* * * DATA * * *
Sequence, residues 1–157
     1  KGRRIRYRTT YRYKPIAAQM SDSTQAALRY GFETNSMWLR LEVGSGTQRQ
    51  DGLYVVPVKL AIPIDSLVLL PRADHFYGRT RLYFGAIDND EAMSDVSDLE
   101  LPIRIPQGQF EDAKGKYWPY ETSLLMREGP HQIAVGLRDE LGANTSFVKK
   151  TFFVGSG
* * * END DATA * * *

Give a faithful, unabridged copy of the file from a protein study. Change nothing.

Sequence, residues 1–157
     1  KGRRIRYRTT YRYKPIAAQM SDSTQAALRY GFETNSMWLR LEVGSGTQRQ
    51  DGLYVVPVKL AIPIDSLVLL PRADHFYGRT RLYFGAIDND EAMSDVSDLE
   101  LPIRIPQGQF EDAKGKYWPY ETSLLMREGP HQIAVGLRDE LGANTSFVKK
   151  TFFVGSG